Some first-drive reviews in Europe reveal stereotypically Alfa-esque problems that don’t exactly inspire confidence. Alfa Romeo seems like a stuck record, its needle unable to play past a reputation for poor quality.
One Giulia was wheeled off like an A&E casualty after the infotainment system failed. Another I drove had an engine warning light screaming for attention from the instrument binnacle, and the cruise control refused to switch on.
A third car tested suffered a frozen infotainment system, which could only be brought back to life by stopping the car and switching the ignition off and back on, and at times some air vents stopped blowing air whilst others continued. One colleague suffered jammed parking sensors, so they drove around with the car going “beeeeeeeeeeeeeeeeeeeeeeeeeeeep”.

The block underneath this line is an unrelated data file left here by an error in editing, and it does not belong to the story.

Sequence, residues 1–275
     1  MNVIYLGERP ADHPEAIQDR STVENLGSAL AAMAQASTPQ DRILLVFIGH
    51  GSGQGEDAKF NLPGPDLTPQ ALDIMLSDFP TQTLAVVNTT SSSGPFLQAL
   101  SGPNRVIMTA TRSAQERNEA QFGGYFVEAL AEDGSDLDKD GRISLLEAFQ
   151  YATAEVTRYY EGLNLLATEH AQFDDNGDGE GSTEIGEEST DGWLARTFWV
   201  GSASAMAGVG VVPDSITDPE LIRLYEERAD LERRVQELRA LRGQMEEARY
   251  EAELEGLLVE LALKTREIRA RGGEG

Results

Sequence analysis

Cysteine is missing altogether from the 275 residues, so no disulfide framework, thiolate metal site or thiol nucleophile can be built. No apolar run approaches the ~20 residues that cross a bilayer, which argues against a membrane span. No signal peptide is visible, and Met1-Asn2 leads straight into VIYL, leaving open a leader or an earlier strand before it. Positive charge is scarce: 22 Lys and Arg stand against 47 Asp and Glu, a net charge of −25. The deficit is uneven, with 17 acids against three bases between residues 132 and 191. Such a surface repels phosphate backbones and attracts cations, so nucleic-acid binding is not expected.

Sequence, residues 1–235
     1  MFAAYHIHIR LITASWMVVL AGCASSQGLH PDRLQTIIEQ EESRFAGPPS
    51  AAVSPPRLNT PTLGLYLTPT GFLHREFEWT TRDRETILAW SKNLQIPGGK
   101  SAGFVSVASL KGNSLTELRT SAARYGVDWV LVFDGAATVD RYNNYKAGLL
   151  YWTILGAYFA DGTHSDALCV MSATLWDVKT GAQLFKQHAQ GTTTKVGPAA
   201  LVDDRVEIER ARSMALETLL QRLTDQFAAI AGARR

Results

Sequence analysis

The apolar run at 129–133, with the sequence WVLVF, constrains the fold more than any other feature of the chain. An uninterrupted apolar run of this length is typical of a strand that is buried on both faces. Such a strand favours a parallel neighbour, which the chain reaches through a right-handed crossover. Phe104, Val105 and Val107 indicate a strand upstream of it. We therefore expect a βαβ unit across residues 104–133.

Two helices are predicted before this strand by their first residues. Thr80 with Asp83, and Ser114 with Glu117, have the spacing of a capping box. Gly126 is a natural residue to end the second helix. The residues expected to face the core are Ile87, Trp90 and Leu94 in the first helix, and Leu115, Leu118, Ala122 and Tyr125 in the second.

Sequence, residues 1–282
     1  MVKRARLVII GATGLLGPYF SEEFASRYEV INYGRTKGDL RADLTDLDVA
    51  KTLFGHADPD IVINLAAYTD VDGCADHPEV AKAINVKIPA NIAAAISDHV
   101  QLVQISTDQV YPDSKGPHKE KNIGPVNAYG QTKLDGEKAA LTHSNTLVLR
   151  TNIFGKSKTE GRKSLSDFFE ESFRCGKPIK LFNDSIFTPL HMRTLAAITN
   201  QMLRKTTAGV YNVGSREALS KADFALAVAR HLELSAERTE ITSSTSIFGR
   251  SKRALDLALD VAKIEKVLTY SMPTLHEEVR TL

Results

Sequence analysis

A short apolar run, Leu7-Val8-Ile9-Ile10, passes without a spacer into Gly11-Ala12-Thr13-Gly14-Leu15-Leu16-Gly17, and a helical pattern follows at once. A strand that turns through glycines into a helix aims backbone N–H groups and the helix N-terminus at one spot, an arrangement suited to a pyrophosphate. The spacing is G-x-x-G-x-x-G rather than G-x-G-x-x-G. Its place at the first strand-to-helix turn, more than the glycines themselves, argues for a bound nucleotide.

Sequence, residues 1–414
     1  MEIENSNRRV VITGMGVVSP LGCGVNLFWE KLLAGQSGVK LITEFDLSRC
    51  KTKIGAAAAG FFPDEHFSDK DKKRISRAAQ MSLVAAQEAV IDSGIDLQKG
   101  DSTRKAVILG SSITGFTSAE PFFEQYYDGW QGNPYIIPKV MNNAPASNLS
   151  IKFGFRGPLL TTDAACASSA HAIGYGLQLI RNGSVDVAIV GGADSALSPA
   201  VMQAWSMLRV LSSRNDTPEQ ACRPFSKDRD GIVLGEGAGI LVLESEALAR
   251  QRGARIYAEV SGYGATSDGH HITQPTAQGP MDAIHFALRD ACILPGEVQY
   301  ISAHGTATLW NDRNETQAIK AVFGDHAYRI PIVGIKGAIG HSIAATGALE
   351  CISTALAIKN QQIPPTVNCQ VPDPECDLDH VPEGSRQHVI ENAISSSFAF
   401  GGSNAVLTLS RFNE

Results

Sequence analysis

Granted, the cars on this launch were likely pre-production models, which often do not have 100 percent perfect and finalized electronics, gearbox calibration or fit and finish. But even these issues seem a bit extreme for a press test. It’s not really an example of Alfa Romeo putting its best foot forward to journalists